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Newly planted hydrangea paniculata dead, dying, deceased.

Hi, has anyone got any idea as to why a perfectly healthy hydrangea paniculata planted last Thursday in soil enriched with manure and watered well every day should have decided life was not worth living? Flowers dead, leaves shrivelled and browning. I have dug it up, put in a bucket of water and cut stems back. All other plants in that area of the garden are fine.


  • PurplerainPurplerain Posts: 1,053
    Could be the manure was too strong for it and burned the roots, but that is only a guess.
    SW Scotland
  • BijdezeeBijdezee Posts: 1,484
    It's been warm and dry in the more southerly parts, if that applies to where you live then it's probably not been able to take up enough water to replace what it's losing. 

    Hydrangeas are very thirsty plants in the first place and trying to establish one this time of year is difficult. 
  • LynLyn Posts: 21,413
    The manure probably, I don’t feed anything in my garden.  Only use home made compost, not a feed but if you get your soil in good condition it will make what it needs. 
    Gardening on the wild, windy west side of Dartmoor. 

  • Thanks for your comments. Since the plant is in shade and was fully hardened off i.e. it had been outside all winter, I think the manure is the culprit, as I opened a new bag to plant this particular hydrangea ( the other two are fine). I am going to pot it in potting compost, keep in the shade and hope it revives.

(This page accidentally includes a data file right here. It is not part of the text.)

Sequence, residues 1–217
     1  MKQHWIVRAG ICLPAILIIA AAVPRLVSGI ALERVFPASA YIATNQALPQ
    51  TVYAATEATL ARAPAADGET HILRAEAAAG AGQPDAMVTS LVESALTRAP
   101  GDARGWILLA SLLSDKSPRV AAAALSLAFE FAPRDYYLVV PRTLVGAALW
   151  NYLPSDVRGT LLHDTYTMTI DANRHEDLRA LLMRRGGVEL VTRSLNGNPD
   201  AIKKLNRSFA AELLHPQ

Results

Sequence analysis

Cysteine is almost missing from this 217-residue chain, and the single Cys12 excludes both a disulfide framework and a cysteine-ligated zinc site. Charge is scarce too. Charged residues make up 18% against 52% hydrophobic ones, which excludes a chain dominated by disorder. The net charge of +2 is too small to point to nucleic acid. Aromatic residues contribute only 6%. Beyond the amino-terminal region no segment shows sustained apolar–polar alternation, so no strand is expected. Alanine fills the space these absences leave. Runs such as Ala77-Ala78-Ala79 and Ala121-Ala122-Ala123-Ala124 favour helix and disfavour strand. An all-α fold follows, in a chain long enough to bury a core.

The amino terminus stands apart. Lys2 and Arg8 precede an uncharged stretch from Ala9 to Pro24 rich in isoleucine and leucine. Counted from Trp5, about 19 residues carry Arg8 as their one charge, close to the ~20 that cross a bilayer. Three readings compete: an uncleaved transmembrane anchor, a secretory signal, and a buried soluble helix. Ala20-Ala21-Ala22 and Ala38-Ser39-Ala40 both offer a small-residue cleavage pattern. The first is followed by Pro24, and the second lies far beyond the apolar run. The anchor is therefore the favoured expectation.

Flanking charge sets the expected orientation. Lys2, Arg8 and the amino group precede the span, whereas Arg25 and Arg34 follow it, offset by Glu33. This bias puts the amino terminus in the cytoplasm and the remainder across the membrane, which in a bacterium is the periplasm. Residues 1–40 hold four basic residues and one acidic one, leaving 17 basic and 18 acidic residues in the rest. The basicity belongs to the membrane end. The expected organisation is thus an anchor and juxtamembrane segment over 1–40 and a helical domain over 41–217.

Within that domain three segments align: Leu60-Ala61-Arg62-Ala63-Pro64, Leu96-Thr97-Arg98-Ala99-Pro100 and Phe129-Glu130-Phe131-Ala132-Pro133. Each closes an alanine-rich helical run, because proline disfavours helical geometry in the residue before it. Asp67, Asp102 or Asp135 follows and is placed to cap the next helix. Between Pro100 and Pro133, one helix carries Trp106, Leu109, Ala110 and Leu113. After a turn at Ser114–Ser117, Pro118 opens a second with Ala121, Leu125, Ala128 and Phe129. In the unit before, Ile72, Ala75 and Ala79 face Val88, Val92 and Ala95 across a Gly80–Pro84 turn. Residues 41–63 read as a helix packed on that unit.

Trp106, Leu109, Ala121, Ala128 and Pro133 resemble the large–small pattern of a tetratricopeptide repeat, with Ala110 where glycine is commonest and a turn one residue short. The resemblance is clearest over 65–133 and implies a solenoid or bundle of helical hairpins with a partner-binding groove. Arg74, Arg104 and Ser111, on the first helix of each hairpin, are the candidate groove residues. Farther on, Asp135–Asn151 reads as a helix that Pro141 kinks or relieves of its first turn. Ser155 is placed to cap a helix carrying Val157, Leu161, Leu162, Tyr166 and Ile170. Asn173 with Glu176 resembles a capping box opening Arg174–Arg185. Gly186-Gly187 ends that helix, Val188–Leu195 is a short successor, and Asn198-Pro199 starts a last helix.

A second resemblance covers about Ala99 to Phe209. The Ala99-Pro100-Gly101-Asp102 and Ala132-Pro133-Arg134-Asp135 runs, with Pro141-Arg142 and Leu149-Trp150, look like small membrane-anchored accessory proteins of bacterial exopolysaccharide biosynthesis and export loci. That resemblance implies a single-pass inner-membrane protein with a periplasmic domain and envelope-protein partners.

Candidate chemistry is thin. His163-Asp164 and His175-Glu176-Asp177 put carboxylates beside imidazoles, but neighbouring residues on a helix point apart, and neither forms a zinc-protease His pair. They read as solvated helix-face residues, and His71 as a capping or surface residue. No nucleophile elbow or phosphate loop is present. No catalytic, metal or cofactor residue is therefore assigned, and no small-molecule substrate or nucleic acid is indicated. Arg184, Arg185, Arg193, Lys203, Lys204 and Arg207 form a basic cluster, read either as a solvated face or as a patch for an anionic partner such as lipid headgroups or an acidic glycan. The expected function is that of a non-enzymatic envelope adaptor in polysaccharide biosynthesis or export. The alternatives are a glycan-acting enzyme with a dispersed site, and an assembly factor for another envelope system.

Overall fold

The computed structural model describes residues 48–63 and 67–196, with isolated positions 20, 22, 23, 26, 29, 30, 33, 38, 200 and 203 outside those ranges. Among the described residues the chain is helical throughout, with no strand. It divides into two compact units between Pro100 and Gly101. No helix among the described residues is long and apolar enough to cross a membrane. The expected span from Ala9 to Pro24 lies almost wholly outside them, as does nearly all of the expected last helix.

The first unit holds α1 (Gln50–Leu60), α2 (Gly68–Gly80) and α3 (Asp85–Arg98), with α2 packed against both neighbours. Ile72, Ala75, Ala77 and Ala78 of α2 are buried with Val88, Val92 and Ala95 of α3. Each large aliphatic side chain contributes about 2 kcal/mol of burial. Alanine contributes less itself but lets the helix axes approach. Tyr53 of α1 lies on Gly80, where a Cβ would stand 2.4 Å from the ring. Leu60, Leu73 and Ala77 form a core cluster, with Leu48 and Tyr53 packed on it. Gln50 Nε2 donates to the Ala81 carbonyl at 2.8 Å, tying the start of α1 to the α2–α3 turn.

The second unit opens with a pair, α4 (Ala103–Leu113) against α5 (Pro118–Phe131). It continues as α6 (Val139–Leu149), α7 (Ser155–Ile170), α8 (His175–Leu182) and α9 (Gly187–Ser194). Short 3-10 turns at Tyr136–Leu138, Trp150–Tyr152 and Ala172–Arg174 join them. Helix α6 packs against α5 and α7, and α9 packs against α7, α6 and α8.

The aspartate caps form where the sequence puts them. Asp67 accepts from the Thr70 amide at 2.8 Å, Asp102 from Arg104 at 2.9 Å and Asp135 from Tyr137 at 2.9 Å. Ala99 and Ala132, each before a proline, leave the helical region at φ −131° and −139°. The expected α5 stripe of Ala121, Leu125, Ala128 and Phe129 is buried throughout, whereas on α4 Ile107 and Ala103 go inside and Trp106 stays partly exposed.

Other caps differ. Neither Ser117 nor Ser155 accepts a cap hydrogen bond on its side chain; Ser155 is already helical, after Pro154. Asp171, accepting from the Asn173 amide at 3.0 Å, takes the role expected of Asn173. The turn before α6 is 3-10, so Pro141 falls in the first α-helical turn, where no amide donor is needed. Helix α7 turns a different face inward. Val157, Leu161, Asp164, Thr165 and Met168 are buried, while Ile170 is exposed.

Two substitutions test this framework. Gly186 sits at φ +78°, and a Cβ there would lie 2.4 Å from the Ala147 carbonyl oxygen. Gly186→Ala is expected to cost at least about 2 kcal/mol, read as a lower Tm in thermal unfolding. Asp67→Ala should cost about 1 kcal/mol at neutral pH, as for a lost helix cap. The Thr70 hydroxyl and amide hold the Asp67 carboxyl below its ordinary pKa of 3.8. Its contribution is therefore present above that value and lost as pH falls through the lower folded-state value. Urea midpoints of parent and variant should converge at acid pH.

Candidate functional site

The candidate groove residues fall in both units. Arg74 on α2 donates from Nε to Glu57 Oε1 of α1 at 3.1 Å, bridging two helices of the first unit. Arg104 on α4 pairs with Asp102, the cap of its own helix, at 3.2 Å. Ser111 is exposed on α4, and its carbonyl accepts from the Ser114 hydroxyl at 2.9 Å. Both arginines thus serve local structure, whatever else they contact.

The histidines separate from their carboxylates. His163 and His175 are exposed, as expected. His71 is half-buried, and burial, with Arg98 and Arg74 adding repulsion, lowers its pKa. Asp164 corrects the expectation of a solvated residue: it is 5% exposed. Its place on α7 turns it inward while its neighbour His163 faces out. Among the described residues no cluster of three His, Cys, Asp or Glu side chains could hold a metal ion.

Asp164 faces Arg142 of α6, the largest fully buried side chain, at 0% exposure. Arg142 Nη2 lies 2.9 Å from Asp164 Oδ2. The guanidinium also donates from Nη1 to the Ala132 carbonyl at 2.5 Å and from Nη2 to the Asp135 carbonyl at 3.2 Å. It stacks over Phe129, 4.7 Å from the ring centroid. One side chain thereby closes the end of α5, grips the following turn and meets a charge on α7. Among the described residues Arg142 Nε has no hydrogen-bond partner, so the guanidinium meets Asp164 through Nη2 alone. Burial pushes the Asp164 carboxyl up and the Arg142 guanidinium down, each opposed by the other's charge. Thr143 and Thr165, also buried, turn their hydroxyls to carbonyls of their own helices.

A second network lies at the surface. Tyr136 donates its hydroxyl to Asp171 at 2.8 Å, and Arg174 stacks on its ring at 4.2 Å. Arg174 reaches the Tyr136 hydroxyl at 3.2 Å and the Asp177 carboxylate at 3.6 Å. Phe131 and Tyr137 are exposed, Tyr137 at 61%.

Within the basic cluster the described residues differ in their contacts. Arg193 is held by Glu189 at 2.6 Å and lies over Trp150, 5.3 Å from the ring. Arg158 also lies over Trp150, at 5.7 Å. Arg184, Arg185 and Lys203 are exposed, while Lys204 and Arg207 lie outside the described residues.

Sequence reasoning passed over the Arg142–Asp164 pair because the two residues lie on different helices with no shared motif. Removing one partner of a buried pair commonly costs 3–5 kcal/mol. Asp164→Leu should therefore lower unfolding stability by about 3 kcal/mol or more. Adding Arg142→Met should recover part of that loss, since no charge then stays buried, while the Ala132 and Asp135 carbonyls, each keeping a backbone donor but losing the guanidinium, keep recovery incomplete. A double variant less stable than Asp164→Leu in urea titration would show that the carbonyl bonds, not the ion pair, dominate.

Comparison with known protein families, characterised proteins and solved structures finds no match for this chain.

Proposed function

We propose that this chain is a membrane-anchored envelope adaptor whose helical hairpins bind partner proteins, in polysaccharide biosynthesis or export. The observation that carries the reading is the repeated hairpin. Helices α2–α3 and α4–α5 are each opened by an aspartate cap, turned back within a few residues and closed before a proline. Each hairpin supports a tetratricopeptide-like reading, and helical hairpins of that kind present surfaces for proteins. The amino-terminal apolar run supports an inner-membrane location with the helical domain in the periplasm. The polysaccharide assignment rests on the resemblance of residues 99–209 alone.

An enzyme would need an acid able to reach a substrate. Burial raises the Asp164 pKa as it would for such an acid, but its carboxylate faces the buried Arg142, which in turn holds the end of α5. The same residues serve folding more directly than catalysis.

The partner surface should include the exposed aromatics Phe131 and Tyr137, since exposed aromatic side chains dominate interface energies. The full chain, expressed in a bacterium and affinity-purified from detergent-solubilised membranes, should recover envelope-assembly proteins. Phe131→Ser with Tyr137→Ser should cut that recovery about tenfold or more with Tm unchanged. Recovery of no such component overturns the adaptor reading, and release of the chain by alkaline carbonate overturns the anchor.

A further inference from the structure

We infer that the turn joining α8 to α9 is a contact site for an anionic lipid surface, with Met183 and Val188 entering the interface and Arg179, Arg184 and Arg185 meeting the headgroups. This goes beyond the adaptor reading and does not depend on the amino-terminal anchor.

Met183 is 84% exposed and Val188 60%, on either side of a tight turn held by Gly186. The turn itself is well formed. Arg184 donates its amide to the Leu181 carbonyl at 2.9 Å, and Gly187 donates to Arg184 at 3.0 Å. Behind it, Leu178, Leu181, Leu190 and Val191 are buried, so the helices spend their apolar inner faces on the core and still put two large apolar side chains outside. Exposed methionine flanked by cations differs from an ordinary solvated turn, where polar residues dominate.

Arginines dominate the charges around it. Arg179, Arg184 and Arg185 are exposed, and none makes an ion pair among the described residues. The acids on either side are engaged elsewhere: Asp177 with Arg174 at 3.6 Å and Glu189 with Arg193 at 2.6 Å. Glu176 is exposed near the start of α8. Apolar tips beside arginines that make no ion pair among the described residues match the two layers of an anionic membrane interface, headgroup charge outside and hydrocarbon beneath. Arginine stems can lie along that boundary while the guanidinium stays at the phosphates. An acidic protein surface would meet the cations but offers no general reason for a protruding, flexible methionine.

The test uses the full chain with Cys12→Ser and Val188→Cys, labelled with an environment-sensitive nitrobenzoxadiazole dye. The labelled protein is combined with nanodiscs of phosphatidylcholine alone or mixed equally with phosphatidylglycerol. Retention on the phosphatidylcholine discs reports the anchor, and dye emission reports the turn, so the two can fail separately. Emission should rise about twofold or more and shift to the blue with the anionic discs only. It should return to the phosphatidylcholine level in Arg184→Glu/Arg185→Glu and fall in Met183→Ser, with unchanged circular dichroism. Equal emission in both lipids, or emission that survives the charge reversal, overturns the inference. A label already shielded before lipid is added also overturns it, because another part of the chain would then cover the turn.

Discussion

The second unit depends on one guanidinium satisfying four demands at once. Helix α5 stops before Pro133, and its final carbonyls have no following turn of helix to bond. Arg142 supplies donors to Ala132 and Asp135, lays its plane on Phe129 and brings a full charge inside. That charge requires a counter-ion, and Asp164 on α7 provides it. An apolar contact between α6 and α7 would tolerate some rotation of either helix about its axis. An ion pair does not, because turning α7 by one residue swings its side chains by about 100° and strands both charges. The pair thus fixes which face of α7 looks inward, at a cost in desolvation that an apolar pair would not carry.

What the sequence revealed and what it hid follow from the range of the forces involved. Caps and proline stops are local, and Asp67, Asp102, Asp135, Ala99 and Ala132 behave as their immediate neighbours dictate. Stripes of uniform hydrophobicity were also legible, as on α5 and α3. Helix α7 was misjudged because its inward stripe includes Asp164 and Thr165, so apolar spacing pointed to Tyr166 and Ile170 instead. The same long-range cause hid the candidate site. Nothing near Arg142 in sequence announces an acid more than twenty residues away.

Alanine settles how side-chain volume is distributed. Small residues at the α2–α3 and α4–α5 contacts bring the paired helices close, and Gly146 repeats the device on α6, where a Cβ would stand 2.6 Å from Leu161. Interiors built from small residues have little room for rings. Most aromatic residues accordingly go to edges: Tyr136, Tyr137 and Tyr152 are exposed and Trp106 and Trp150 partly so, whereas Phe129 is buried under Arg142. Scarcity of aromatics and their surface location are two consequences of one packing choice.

• I’ve got 4 paniculatas, they are all planted in sun as I read that they like sunshine, two are doing very well and the other two just don’t seem to be growing well at all, they’re not dead, just not making any progress with growing.  Slightly worried as the comment above says they don’t like sun but I was told that the paniculata species do.  Confused. 
  • FairygirlFairygirl Posts: 50,366
    @am.nathan - most hydrangeas will cope with a reasonable amount of sun if they're happy at their feet. Flowers may get a bit bleached in strong sun, and struggle to stay hydrated, but will cope once established.
    In lots of areas, there has been very hot, dry weather, so if you're in that sort of location,  it makes it more difficult to get them growing well initially. 
    The ideal location is semi  or dappled shade. 
    It's a place where beautiful isn't enough of a word....

    I live in west central Scotland - not where that photo is...
  • FireFire Posts: 17,116
    There are wildly differing amounts of urea in some bagged up manures. I bought a load in the spring which are only now washed out enough to use. The stench was unbelievable.

    Dogs, foxes, deer etc peeing directly on a new plant can cause problems too.
  • FairygirlFairygirl Posts: 50,366
    Sorry everyone - altho the OP's title and post clearly states paniculata, for some unknown reason, I decided it was petiolaris - just ignore me  :(
    It's a place where beautiful isn't enough of a word....

    I live in west central Scotland - not where that photo is...
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